The plaintiffs themselves state that the property tax credit "cannot be a credit against income tax liability, because the beneficiary is entitled to cash payment where the credit exceeds his liability," and, "the Court must keep in mind in connection with this suit that such property tax credit represents an obligation of the State of Michigan to property taxpayers, whether or not they have any income tax obligation to the state."
The plaintiffs, despite these admissions, continue to argue that the property tax credit does affect the income tax liability of the taxpayer and, as such, the income graduation in § 520(8) is violative of art 9, § 7. Plaintiffs only briefly and without citation of supporting authority dismiss the analysis of the Court of Appeals by stating, "It cannot be a rebate, nor a reduction of property taxes, because property taxes are not paid to the state." In several places in their brief, the plaintiffs, again without rationale or citation to authority, cite the uniformity and ad valorem requirements of Const 1963, art 9, § 32 and state, "By extension, any reduction or rebate of property taxes would also have to be on an ad valorem basis and to all property taxpayers."3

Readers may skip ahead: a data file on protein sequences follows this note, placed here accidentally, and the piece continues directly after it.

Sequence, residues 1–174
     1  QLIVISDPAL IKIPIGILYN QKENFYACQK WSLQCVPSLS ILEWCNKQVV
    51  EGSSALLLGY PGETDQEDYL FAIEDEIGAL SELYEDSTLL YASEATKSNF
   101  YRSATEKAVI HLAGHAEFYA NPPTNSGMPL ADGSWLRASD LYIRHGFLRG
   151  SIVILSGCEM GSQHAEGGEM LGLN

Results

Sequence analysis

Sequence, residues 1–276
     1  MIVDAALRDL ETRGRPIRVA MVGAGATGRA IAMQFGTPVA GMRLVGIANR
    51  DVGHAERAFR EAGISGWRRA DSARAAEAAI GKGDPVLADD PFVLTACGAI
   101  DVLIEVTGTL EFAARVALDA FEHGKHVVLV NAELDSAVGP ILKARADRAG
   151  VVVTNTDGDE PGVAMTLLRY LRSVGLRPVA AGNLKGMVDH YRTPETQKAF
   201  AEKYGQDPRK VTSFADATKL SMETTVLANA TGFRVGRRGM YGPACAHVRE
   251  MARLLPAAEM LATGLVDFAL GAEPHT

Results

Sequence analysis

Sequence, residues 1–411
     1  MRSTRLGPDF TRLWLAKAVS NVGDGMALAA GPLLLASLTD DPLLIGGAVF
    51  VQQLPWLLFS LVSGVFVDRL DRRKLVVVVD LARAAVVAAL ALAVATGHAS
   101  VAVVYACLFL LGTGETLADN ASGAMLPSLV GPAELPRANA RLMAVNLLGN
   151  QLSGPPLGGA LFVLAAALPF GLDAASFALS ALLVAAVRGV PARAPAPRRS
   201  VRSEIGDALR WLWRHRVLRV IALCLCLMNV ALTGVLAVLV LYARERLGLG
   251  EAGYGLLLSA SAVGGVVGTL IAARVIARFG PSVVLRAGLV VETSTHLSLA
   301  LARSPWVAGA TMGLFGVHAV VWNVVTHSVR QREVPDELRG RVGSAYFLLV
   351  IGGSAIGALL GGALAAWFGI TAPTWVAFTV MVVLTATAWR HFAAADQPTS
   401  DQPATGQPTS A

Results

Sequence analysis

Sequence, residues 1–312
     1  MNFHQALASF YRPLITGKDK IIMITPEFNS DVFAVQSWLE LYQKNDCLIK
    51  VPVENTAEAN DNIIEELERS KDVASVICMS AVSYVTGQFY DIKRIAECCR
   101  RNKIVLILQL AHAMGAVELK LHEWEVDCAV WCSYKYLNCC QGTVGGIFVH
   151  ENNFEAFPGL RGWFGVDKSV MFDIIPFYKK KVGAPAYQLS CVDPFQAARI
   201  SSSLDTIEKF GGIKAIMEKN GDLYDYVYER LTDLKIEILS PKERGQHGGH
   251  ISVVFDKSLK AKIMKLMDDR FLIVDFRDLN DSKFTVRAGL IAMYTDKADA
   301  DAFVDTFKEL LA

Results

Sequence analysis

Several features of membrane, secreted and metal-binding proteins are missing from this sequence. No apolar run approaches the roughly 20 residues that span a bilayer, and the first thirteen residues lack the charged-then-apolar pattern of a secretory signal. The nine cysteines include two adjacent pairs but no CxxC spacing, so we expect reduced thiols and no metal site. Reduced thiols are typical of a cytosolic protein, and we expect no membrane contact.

We do not accept the implication of plaintiffs' argument that, if the property tax credit is infirm under other provisions of the constitution, it then necessarily is converted to a provision that affects income tax liability.
The property tax "credit," which § 520(8) reduces for some taxpayers on the basis of their income, is in effect a property tax rebate that employs the income tax as a vehicle for its reconciliation. Therefore, art 9, § 7, which is concerned only with income taxes, is inapplicable to what is clearly a property tax rebate. Its validity as a property tax rebate is not before us in this case.
Plaintiffs' due process and equal protection arguments were not raised in the Court of Appeals, and we therefore decline to consider them.
The decision of the Court of Appeals is affirmed.
WILLIAMS, C.J., and LEVIN, CAVANAGH, BOYLE, and RILEY, JJ., concurred with BRICKLEY, J.
ARCHER, J., took no part in the decision of this case.